Tag Archives: Dressed In Black

Ramblerin’ Gamblerin’ Man

It’s never a bad day to pimp Ben Vaughn.

Fourteen years ago this Friday, I felt the same way. Lots of people were going the indie route and recording in their home studio. Not many were doing it in their car. (Recording, I mean…I’m sure lots of people were “doing it” in a car. Some things never change.)

Here we go, from April Fools’ Day in 1997, and I was most certainly not pulling anyone’s leg. Still not. Get your Vaughn on.

If it sounds good in a car, why not record it in a car?” – Ben Vaughn, 1996

Probably the only people not shocked to hear that Ben Vaughn recorded his new CD inside his 1965 Rambler American (“the Fender Telecaster of cars“, says Ben) are his fans; they know that Ben is capable of just about anything. So what to do after less accessible side projects like Cubist Blues (recorded with Alex Chilton and Alan Vega) and the pairing with Kim Fowley? Vaughn uses his zaniest concept to date to create his best record since Dressed In Black.

Two songs are co-written with Bill Lloyd, and they’re both killer. The opening track “7 Days Without Love” rocks, complete with feet slapping on the car’s floorboard. “Boomerang” combines Vaughn’s megaphone-induced vocal with an instrumental punch straight out of the Sir Douglas Quintet. (I’d believe they were actually on the track but I know he couldn’t have fit them in the car). “Rock is Dead” is an example of Vaughn’s wit, an ode to the future when there’s “a blank space on your TV/where the music channel used to be” and “abandoned tour buses scattered across the hills“.

Outside of the sitar solo on “Levitation”, the stripped-down arrangements force Vaughn’s songs to be judged on their own merits. One listen to a simple melody like “Song For You” and those who are not Ben fans may be quickly converted. A Vaughn album is always a mix of surf, pop, country, rockabilly and anything else he can get his hands on. Rambler 65 is no different, with pop oddities like “Perpetual Motion Machine” (suggesting his work for TV’s “Third Rock From The Sun“) countered with bluesy wisps like “Beautiful Self Destruction”. An actual Rambler ad is even tossed in just to keep you honest.

Vaughn claims he was able to record the record in six afternoons because “everything was a first take because I just wanted to get the hell out of the car!” Cramming a small mixing board, effects pedals, a turntable, mikes and a reel-to-reel inside a car with the windows rolled up is about as intimate as you can get. And while recording in a car has other drawbacks besides leg room, Vaughn made the best of them. With airplanes flying overhead every so often, he finally gave up avoiding them and included one as the intro to “The Only Way To Fly”. Typical Vaughn, using whatever is necessary to deliver the goods, and it works.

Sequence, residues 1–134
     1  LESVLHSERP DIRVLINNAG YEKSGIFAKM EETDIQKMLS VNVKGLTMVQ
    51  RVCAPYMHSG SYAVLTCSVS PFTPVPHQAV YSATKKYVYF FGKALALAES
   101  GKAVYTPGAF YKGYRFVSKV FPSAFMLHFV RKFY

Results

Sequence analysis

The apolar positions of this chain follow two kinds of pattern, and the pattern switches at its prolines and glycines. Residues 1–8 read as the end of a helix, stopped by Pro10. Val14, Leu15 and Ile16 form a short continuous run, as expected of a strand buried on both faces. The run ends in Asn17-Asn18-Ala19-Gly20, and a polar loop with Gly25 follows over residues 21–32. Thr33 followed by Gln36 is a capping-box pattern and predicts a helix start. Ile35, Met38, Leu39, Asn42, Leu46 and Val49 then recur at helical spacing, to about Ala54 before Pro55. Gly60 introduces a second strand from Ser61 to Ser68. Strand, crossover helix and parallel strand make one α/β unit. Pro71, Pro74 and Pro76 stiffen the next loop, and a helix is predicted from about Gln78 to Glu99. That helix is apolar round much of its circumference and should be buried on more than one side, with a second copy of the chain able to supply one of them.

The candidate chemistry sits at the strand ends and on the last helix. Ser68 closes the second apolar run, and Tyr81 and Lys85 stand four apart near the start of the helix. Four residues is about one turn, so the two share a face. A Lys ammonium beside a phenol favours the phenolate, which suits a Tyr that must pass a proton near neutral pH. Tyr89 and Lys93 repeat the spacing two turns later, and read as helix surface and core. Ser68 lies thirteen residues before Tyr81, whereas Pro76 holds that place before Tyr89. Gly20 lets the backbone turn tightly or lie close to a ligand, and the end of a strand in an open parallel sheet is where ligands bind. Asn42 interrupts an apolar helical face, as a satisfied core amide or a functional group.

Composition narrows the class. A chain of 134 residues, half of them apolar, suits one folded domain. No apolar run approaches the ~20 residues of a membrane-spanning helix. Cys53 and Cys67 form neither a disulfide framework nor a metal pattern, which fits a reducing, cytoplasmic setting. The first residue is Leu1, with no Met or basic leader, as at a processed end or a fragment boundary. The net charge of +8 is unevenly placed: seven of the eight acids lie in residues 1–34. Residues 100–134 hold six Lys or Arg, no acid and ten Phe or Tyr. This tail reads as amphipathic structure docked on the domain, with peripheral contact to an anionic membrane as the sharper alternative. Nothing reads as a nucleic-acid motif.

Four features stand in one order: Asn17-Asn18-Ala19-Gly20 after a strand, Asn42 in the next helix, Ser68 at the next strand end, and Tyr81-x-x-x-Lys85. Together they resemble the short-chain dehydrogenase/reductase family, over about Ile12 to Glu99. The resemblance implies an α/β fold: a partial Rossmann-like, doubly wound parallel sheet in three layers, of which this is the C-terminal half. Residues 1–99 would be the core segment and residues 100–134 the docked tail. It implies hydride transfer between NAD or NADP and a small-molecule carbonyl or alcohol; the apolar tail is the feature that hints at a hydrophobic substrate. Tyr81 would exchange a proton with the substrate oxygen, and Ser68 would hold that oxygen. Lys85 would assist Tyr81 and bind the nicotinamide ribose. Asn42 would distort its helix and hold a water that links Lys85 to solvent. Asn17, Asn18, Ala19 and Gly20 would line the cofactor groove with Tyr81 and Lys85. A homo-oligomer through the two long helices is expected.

And yes, there’s an engine solo

Ramblerin' Gamblerin' Man?

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Blast From The Past: Ben Vaughn

Let's see Ted Danson try and pull this off!

Let's see Ted Danson try and pull this off!

I first encountered Ben Vaughn when I went to see Marshall Crenshaw perform at a small college; Ben was the unannounced opening act who was the sacrificial lamb to a group of stoners impatient to hear the headliner. I must admit that I was not open-minded either; Vaughn was far from dynamic given the circumstances and the ambiance of a gymnasium certainly didn’t help. But right near the end of his half-hour set he pulled out “I’m Sorry (But So Is Brenda Lee)”, a song Crenshaw would soon cover himself. I knew from that moment I needed to follow this guy. (This thought was reinforced in spades years later when he recorded an album using the interior of a 1965 Rambler as his studio)

By the time Dressed In Black came out, Vaughn was respected enough to call upon the services of guests like John Hiatt, Alex Chilton, Peter Holsapple and Foster & Lloyd to join him in the studio. The result was probably his most accessible pop album, with takes on punk (“Cashier Girl”), rockabilly (“Growin’ A Beard”), commercial pop (“Big Drum Sound”), retro/surf (“Don’t Say You Don’t Wanna”) and even pop music tragedy through Neil Young flavored Americana (“Poor Jimmy Gordon”). The songwriting is clever; the performances note perfect.

Video for Cashier Girl

Songs like “Words Can’t Say What I Want To Say” and  “The Man Who Has Everything” are as effervescent and accessible today as they were in 1990, and the brooding “Too Sensitive For This World” should be on many artists’ short lists of songs to cover. There’s really not a weak track on the record; in the days of auto-reverse cassette decks I would often let this ride two and three times in a row without regret.

He’s found great success as a producer – That 70s Show and Third Rock From The Sun feature his music – and his musical bandwidth continues to grow. But Dressed In Black remains not only my favorite Vaughn album, but also one of my favorite albums, period. If you do not own this record I can not recommend it more highly.

I’m now off to pay closer attention to his recent Vaughn Sings Vaughn series; if he’s re-recording his catalogue with a new band, I’m willing to listen.

Ben’s website

Ben Vaughn on MySpace

More info at Wikipedia.

Dressed In Black for a song

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